Many modern technical applications rely on accurate and precise production of thin films. In current industrial applications, such films are generally deposited at low pressures, using metal evaporation or chemical vapor deposition. These processes require significant energy and equipment investments while coating only a small fraction of the intended surfaces. In solution-based processing methods, thin films can be produced under ambient conditions by directly applying an ink a substrate using simple spin, mist, or laminar-flow coating. Such processing can save energy and capital investment in expensive machinery, while also minimizing the waste associated with indiscriminate coating. By using cluster-based prompt inorganic condensation, (PIC), the Center for Sustainable Materials Chemistry is advancing the use of chemistry for the production of high-performance materials.

The Center is currently pursuing 9 projects that fall within the following 6 interconnected PIC-related themes:

  • Understanding the fundamental chemistry of inorganic solutions

    The fundamental chemistry of inorganic nanoscale clusters in solid and solution states drives CSMC film and patterning processes. Understanding these basic and essential properties allows for the design of syntheses and control of new precursors for the production of functional materials. This knowledge aids studies of condensation pathways by which films form.

  • Understanding the pathways of prompt inorganic condensation

    Greater understanding of the phenomena that affect the properties of thin films—such as mechanisms responsible for the transition from gel to solid oxide and the effect of counterion exchange on thin film properties—will further the CSMC's ability to tune material properties in a rational, controllable way.

  • Understanding how monovalent ions affect condensation processes

    The grand challenges of the Center motivate expanding CSMC chemistries to a wider range of compositions and pursuing chemical control over a wide range of material properties. To that end, understanding how monovalent ions affect condensation processes will provide greater control over the creation and adjustment of ion transport properties and chemical reactivity of monovalent-ion-containing oxide thin films.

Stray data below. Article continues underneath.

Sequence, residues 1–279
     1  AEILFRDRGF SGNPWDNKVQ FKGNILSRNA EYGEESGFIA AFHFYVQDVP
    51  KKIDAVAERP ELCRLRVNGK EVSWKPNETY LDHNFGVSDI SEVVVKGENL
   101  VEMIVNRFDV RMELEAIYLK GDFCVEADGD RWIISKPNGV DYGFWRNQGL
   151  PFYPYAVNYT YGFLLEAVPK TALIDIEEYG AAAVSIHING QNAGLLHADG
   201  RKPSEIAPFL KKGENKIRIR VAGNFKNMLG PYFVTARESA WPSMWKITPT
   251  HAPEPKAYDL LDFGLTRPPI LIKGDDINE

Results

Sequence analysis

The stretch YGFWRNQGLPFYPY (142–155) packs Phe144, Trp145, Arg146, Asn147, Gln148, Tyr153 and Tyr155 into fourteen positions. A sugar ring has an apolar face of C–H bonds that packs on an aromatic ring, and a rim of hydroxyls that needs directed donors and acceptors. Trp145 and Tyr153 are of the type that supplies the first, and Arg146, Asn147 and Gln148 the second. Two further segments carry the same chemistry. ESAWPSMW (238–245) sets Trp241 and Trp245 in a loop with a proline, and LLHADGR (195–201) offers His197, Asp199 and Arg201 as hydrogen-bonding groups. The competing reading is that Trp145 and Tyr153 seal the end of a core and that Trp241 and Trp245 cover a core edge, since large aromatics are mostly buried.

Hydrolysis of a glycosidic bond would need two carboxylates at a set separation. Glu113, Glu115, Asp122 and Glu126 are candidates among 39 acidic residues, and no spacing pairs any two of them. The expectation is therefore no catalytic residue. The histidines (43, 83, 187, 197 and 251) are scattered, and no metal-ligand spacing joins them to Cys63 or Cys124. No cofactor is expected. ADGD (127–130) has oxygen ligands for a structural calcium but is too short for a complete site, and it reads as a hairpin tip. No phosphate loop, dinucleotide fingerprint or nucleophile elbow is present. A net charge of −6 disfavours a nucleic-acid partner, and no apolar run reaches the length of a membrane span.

• Characterizing thin oxide films deposited from solution precursors

    The Center uses complementary electrical and physical/chemical characterization methods to assess the potential of films as alternatives to traditional vacuum processed oxides—as well as to investigate the impact of solution chemistry and processing on the film properties. The following three projects fall within the scope of the thin-films theme:

  • Exploring the use of oxide thin films as photolithographic resists

    The Center brings together numerous research techniques to study compositional and structural variations at near-atomic dimensions. By incorporating light and radiation-sensitive ligands into inorganic cluster solutions, we can induce cluster condensation via nonthermal methods. Such controlled, radiation-induced condensation leads to a change in material solubility that can be used to directly pattern inorganic structures at dimensions smaller than 10 nm.

  • Exploring the unique optical and electrical properties of thin film stacks

    A distinct feature of the films prepared from our aqueous precursors is that they remain chemically reactive, exchanging water and ions with solutions and reacting internally as condensation occurs with loss of water.